My girlfriend and I were excited to be there. We have gone to five of the last six St. Patrick Day parades thereby making it a tradition for us. We both have Irish heritage. My mother’s family is the epitome of an Irish-American family: very blue-collar people who value hard work, education, Catholicism and drinking. They love story telling, jokes and tragedy. We had a family reunion last summer in San Diego and it was a collection of people who scanned all parts of the American story: lawyers and doctors; plumbers and electricians; nurses and teachers; data processors and drug dealers.
Like most families that have immigrated to the United States, our connection to Ireland is purely traditional. With the exception of my grandmother, no one has been to the Emerald Isle (yet). I value my Irish side simply because I feel as if I identify with the modern Irish-American experience. I like the food, music and culture. Besides, when you have a red beard, pale skin and a hankering for tipping whiskeys and beers, it’s not hard to get on the Green Train.
Highlights from the parade were the Irish step dancers with their curly wigs and traditional dresses, SLPD Motorcycle Corps performing choreographed moves on their Harley Davidson Road Kings and anything with a bagpipe. Nothing gets my blood boiling like the sound of bagpipes. The haunting shrill of a troop of players harkens me back to a time when armies would meet on a field of battle and settle tribal matters with shillelaghs and axes. Today, the soundtrack for these fights is usually Insane Clown Posse. I really want to learn how to play the bagpipes. I think it would be great to participate in an upcoming parade, honor my Irish past and annoy the Hell out of my neighbors.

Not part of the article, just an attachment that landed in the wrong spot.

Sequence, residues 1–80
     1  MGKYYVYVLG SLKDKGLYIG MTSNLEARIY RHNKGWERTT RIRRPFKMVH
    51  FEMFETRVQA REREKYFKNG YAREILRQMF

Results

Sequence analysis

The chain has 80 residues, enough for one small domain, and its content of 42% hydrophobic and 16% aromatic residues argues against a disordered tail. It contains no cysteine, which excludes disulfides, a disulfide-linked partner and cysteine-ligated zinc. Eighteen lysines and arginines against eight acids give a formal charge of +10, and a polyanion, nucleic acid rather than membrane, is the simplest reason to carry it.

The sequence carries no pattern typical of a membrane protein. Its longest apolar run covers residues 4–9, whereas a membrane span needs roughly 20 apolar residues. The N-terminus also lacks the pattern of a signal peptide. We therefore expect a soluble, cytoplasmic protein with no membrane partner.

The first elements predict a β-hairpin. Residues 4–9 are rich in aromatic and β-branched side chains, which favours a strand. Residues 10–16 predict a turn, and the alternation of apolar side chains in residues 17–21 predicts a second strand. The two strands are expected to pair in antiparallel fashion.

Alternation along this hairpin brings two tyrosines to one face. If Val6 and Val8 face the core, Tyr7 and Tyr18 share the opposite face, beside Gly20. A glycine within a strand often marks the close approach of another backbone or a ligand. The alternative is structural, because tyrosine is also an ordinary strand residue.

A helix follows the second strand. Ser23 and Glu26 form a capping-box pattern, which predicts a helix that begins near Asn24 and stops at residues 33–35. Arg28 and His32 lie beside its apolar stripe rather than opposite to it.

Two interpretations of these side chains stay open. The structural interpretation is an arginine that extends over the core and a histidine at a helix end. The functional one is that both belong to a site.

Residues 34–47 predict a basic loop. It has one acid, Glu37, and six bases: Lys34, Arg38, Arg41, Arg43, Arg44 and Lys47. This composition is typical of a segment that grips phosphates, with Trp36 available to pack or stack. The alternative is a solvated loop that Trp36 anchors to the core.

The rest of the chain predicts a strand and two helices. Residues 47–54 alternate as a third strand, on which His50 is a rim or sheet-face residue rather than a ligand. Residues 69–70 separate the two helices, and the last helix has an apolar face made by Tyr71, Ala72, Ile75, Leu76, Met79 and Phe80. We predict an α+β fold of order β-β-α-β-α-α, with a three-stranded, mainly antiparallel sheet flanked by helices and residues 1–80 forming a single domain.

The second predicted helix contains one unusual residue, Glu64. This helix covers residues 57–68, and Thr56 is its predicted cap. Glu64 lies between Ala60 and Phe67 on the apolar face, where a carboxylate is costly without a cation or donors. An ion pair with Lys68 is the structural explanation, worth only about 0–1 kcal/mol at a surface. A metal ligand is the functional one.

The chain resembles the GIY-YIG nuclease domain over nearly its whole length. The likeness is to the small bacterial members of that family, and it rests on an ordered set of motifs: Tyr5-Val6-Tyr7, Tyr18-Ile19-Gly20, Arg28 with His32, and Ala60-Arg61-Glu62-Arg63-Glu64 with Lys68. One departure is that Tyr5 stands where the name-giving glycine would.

My two favorite moments from the parade were very simple pleasures. The first was watching some Civil Ware re-enactment soldiers. They were riding horses and waving swords around. The greatest crime of the day was the aforementioned SLPD not performing breathalyzers on these historical geezers. One of the horses took a massive poop right on the middle of Rio Grande Street and left it there for the rest of the parade to march around. Gross? Yes. Funny? Not yet. Three groups later, the Irish Setter dog organization came through and one of the dogs did a barrel roll through the horse manure to the disgust of 300 people. I hope this wasn’t a metaphor for the Irish experience.
The second favorite part of the parade were the group of people standing next to us throughout the parade. There were four couples pouring homemade coffee and tomato juice into their non-descript cups. They had their kids and dogs with them and they are having a great time. Man, was I jealous. If I didn’t have to work that night, I would have put on the charm to introduce myself to these people and happily accepted a little Jameson in my coffee. I imagined that they were on the first step of a long day of food and drinks. What I loved about this group is the fact that their wolfing down pickled asparagus and Spanish olives at 10 in the morning. They were treating the parade the way it is treated in every other city outside of Utah: booze, dogs, kids and fun. Moreover, they were not even trying to hide the fact that they were having cocktails. When I celebrated St. Patrick’s Day in Reno, it was Marte Gras with green beer and handcuffs. Salt Lake City always whiffs on holidays were alcohol is a key component.
There are two days in the year that are the bane of the bartender: New Year’s Eve and St. Patrick’s Day. I am already prepping myself for Thursday. Keys On Main is offering $3 Guinness and $3 Jameson shots all day long. We’ll be offering $3 aluminum bottle of Bud Light and a slew of other drink specials. I am planning on writing a post-St. Patrick’s Day blog about the 17th of March to be posted on Friday.
I am looking forward to tomorrow. For as much as I love St. Patrick’s Day, it is the one day of the year that I don’t drink. I have to get my Irish pride whiskeys in on Friday. So, tip one for me and Senn Fein.